The Catholic News Agency announced on November 15, 2018 that the U.S. bishops’ conference and the Holy See are named in a class action lawsuit filed on November 13, 2018 in the United States District Court for the District of Columbia by six men who claim they were sexually abused by Catholic clergy during their childhoods. The class action lawsuit seeks compensatory damages as well as public contrition and reparation from the Church.

The 80-page suit alleges that the Vatican and the bishops knew about and covered up the “endemic, systemic, rampant, and pervasive rape and sexual abuse” of the plaintiffs and others at the hands of active members of the clergy, religious orders, and other Church representatives. The class action lawsuit alleges that Church leaders protected and promoted the offenders.

The lawsuit charges that the “wrongful actions, inaction, omissions, cover-up, deception, and concealment” created a “conspiracy of silence to their financial and reputational benefit and to Plaintiffs’ and Class Members’ personal, mental, psychological, and financial detriment,” which actions are “ongoing and continuous.”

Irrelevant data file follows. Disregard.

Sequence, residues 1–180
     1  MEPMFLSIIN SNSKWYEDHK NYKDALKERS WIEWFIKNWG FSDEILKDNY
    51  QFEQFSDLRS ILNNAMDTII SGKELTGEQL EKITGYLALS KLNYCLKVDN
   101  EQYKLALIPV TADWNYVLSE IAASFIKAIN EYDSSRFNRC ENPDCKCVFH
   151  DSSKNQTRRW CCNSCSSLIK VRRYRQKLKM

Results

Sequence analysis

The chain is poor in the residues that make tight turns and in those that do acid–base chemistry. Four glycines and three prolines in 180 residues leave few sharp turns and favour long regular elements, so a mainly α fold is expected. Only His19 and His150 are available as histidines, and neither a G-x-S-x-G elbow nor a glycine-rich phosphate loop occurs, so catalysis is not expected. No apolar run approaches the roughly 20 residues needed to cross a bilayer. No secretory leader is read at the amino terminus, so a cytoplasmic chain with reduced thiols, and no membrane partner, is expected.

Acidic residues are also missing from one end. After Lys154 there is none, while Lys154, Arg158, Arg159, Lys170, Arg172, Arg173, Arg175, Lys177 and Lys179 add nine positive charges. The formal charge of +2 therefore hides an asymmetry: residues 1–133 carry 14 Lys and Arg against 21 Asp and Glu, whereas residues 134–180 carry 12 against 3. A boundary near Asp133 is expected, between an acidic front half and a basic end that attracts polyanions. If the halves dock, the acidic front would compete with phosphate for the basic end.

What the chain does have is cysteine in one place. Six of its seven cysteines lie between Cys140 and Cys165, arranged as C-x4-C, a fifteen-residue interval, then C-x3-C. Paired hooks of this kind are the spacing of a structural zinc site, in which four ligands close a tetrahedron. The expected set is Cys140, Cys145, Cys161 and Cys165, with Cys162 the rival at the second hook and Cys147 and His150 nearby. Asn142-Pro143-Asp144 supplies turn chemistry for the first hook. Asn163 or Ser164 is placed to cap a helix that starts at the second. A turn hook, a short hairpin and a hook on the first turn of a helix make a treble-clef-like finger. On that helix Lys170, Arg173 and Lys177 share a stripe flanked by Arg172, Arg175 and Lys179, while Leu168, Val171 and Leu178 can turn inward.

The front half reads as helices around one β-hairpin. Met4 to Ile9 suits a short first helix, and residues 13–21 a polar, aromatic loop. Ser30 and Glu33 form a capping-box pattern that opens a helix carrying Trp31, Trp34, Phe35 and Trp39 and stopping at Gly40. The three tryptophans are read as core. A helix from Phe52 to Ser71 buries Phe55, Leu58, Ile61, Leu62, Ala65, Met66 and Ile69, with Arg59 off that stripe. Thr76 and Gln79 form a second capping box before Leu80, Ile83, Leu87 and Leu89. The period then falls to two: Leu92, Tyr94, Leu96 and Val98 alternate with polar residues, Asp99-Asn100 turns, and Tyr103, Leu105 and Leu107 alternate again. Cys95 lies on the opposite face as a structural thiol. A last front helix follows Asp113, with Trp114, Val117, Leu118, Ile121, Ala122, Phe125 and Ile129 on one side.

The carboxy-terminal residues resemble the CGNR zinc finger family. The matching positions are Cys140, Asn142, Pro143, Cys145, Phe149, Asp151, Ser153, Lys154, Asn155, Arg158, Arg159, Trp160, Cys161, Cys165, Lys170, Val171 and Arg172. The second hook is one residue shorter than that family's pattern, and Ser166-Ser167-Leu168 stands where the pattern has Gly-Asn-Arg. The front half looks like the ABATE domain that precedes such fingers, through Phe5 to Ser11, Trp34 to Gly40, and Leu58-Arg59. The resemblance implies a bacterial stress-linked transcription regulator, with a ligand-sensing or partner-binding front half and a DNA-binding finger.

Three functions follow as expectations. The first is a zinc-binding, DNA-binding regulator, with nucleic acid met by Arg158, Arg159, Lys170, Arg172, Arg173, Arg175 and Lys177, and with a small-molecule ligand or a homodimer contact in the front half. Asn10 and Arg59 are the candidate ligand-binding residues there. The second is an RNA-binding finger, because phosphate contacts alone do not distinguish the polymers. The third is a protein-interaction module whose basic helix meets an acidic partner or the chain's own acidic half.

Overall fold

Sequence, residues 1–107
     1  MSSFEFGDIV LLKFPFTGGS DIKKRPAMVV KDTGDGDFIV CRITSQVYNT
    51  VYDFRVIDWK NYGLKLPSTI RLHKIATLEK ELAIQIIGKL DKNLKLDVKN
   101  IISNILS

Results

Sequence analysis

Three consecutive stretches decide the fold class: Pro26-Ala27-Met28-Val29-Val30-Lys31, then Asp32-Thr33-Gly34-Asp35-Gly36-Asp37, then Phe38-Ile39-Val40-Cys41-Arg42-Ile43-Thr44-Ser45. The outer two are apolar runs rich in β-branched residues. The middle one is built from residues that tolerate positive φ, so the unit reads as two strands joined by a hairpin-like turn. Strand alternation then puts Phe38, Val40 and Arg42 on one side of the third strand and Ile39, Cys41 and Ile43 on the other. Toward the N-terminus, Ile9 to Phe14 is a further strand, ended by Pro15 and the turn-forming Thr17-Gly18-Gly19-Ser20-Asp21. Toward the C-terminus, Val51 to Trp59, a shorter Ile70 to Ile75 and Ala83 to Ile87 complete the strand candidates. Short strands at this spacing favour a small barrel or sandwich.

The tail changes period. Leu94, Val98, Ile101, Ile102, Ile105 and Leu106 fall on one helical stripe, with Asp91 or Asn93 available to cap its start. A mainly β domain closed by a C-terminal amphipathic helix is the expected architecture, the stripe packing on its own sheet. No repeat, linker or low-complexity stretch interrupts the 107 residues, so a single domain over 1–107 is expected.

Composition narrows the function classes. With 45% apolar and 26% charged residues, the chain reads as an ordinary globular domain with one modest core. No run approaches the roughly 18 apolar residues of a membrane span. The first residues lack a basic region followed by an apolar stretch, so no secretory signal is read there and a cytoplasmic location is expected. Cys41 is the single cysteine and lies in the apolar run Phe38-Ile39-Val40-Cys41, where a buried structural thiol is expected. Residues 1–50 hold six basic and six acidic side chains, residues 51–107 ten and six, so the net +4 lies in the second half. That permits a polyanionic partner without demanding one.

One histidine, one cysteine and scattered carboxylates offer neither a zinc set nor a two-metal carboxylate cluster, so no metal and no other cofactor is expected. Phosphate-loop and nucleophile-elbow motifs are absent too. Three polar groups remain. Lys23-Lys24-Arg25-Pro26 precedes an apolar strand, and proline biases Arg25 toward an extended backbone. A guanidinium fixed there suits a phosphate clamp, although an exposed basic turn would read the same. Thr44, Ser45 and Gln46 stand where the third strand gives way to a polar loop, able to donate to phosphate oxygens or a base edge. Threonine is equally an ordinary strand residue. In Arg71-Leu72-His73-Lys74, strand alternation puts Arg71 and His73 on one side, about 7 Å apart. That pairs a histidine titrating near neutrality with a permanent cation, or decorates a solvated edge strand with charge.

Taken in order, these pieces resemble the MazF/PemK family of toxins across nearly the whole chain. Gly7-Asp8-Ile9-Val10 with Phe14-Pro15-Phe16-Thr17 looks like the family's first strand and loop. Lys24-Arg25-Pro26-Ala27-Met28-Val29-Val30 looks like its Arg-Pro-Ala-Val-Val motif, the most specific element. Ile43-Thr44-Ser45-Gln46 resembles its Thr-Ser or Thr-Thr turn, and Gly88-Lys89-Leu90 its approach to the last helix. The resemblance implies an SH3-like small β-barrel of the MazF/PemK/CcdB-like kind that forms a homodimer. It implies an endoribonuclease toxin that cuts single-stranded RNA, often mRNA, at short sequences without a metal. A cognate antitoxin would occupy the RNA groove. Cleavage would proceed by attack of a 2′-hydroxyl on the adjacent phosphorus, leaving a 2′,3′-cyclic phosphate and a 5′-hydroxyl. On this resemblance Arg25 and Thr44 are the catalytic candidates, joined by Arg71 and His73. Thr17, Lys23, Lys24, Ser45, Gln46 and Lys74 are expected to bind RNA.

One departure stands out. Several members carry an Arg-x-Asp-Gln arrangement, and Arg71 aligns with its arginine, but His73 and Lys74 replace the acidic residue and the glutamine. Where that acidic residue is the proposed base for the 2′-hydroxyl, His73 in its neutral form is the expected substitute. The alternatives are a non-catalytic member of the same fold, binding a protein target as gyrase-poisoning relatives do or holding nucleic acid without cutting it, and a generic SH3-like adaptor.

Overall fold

The class-action lawsuit alleges that the bishops and the Vatican violated the Racketeer Influenced and Corrupt Organizations Act (“RICO”)  because the bishops engaged in federal mail fraud and wire fraud in the cover-up of abuse. The lawsuit alleges that because the Catholic Church in the U.S. is an “unincorporated association,” it qualifies as an organization that can be held to RICO standards.

The lawsuit seeks to compel the Vatican and the bishops to “comply with various state statutes requiring them to report the abusive Clergy to law enforcement or other responsible authorities, terminate the abusive Clergy, identify the abusive Clergy to the general public so that parents may protect their children going forward, release documents evidencing such Clergy abuse to achieve transparency, and such other relief the Court deems just and proper.”

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Class-Action Lawsuit Filed By Mentally Ill Veterans Certified

By | Class Action Lawsuits